A decidedly surreal 1-bit visual novel, Sonoshee’s Critters for Sale existed only in demo form for two and a half years, with two of the game’s five chapters available as free playable demos to those willing to dig through itch.io for them. The now-completed game, which we’ve soft-reviewed previously, received a proper Steam release in early June – yet remains just as noisy and discordant in its finished form.
If we’re to believe each chapter is in narrative order, then the plot is a looping little ditty that goes like this: just like the hitmakers of religion have been saying for eons, good and evil are in constant battle and humans can’t help but be caught in the middle. On one side are the Noid Men, classically coded baddies sporting dark suits and cheshire grins, who go to bat for – who else – Satan himself. On the other side is the vague bureaucracy of the Paradise Architects, with a name like a Vaporwave band and ruling control over the equally woo woo sounding Celestial Realm. The two camps are binary stars that orbit around each other, pulling humans in and out of their gambits, but for naively unaddressed reasons both parties keep an eye trailed squarely on musicians.
This is where Critters for Sale’s sloppy slam dance of a plot genuinely shines. Each chapter slots a mish mashed story around a different animal, musical act, and holy place, and within this framework Sonoshee finds new and creative ways to watch you die. Death in Critters for Sale isn’t just a slapdash function meant to toughen up the player to try again, but instead it’s a sacrifice. The engine of the game is martyrdom, and the plot swirls around what forces, or power brokers for those forces, we choose to offer ourselves up to. While riding this train of thought the game seems to surprise itself by accidentally stumbling over thought provoking ideas about how gods are made, how that intersects with organized religion, and what we’re building temples to when we build things like mosques, palaces, and – most importantly – nightclubs.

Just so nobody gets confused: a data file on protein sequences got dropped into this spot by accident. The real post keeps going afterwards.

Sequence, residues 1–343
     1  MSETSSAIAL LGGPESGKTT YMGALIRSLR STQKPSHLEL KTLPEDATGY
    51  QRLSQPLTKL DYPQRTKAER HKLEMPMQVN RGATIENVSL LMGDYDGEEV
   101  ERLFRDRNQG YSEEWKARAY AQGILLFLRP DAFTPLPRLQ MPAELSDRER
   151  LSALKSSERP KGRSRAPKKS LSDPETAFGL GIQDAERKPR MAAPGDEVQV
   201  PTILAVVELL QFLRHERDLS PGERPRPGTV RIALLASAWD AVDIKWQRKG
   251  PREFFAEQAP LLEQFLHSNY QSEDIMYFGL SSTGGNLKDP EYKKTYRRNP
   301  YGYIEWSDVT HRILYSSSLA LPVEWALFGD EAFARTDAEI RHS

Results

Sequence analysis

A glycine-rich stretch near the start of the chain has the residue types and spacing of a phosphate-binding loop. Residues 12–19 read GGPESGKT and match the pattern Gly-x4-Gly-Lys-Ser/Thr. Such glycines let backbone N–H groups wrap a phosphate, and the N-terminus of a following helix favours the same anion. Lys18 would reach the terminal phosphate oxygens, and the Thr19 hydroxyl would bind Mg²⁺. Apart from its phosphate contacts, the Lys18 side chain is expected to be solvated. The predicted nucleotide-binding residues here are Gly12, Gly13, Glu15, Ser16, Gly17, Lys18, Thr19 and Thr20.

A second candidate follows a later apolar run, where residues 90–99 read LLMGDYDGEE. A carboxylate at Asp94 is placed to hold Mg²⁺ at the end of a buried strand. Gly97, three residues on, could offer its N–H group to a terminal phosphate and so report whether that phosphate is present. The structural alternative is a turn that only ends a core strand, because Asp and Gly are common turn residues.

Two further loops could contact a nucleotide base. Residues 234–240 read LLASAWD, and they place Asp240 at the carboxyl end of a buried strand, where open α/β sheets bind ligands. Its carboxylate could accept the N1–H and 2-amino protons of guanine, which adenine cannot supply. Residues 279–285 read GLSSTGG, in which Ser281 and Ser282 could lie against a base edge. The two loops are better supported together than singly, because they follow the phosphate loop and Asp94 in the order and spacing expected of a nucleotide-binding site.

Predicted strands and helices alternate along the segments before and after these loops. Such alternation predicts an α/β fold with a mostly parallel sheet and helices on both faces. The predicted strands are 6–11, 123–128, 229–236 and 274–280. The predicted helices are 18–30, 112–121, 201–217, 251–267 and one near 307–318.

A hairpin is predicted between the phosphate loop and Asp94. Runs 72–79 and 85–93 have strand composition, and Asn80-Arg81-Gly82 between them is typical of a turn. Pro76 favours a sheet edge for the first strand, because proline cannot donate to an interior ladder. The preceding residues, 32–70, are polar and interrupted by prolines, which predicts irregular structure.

After all, music in Critters for Sale – and arguably in our world, too – is power. It’s a hotline to a higher calling, and the act of performance is shown to be a ritual offering to both the Goodies and Baddies lurking behind the cosmic curtain. NPCs in Critters for Sale kill, cheat, and lie to gain the power of music, and ask the same of you as a player. All of this sonic fixation spins out around a boozy, bass-laden soundtrack sourced from artists around the globe: Lynchian slow dancing from Berlin, hollow citypop loops from LA, haunted Taiwanese mountain songs, and buzzy doo-wop that all lend street cred to Sonoshee’s fixation with music’s power, but also perfectly match the fever dream/pitch that he’s created visually.
Yet the finished game doesn’t offer the kind of conceptual closure that the demo showed promise of. Ideas from religion, history, and ritual are slung around and fired off with a kind of teenaged exuberance, hacking religions away from their context and slinging them back stripped of all meaning. It’s the kind of pompousness only the young can land, and at times it’s workably gonzo – like the Aladdin-meets-Death Grips journey through the Jordanian desert. In other moments, though, it dwells in /b/-level tastelessness: a Muslim prayer rug hands you an IED with which to level a city block, and a Gnawa lila – a Black-Moroccan spiritual ritual born out of slavery – ends with human sacrifice.
But if Sonoshee’s weakness is his commitment to a certain genre of YouTube microdoser pop philosophy, his strength is his aesthetically sharper edge. The world of Critters for Sale is artfully demented, populated with 1-bit deep fakes and polluted with noise. The text and assets of the game crackle and fissure, while the gameplay itself – popped inside of a neat black frame – tessellates and shimmers with a griminess that feels like a punk nightclub flyer. Yes, the finished game is hammer heavy – Satan = evil, God with a capital-G = good – but Sonoshee has a compelling eye for texture that’s one part techno horror and one part Persian smoking den.
The game’s visual epileptic energy bleeds over into its structure, though, making a mess of whatever it’s trying to do or say. Each chapter is more unmoored than the last, and the stories told within them feel like tales of life on Earth as described by aliens raised on centuries old television static. The game has an obvious commitment to the visual touchstones of pop culture, with unsubtle appearances from the tile work of both The Shining and Twin Peaks, 2001: A Space Odyssey‘s monolith appearing at the death (and rebirth) of the world, and a sly namedropping of Sun Ra’s Space is the Place, but Sonoshee hasn’t quite mastered how to alchemize his pop icons together into coherence. Luckily, the narrative sloppiness works within the No Wave punk visuals that dare you to ask questions about what the hell is going on, then chide you for not just enjoying the ride.
In the game’s “Snake” chapter, a silhouetted NPC accidentally sums up the experience of playing Critters for Sale, with its nervous jangling and blustering self importance:
“A beautiful night,” they coo at you from the staticky darkness, “But at what cost?”